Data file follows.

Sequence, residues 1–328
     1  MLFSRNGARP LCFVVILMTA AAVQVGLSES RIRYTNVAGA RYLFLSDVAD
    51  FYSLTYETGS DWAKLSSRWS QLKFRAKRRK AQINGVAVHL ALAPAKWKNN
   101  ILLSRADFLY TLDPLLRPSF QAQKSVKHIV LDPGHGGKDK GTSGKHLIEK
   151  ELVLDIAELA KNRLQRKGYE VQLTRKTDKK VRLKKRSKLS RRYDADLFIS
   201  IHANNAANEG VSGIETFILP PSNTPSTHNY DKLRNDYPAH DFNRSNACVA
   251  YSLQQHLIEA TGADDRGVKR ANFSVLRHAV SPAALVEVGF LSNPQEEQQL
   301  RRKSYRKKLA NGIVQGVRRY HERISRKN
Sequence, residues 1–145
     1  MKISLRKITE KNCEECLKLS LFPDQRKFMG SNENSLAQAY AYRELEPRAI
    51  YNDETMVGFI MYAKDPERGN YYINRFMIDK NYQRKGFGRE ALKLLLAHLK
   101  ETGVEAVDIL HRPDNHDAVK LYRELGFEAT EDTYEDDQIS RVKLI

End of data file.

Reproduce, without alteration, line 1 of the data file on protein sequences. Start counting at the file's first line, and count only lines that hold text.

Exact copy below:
Sequence, residues 1–328